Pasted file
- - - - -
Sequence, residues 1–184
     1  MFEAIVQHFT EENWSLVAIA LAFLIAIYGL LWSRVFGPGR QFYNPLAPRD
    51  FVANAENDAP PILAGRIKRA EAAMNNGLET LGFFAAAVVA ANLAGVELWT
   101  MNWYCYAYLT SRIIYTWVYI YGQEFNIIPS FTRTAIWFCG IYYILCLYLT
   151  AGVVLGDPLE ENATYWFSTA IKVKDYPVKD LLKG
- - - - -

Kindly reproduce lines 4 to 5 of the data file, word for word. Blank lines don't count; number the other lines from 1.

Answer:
   101  MNWYCYAYLT SRIIYTWVYI YGQEFNIIPS FTRTAIWFCG IYYILCLYLT
   151  AGVVLGDPLE ENATYWFSTA IKVKDYPVKD LLKG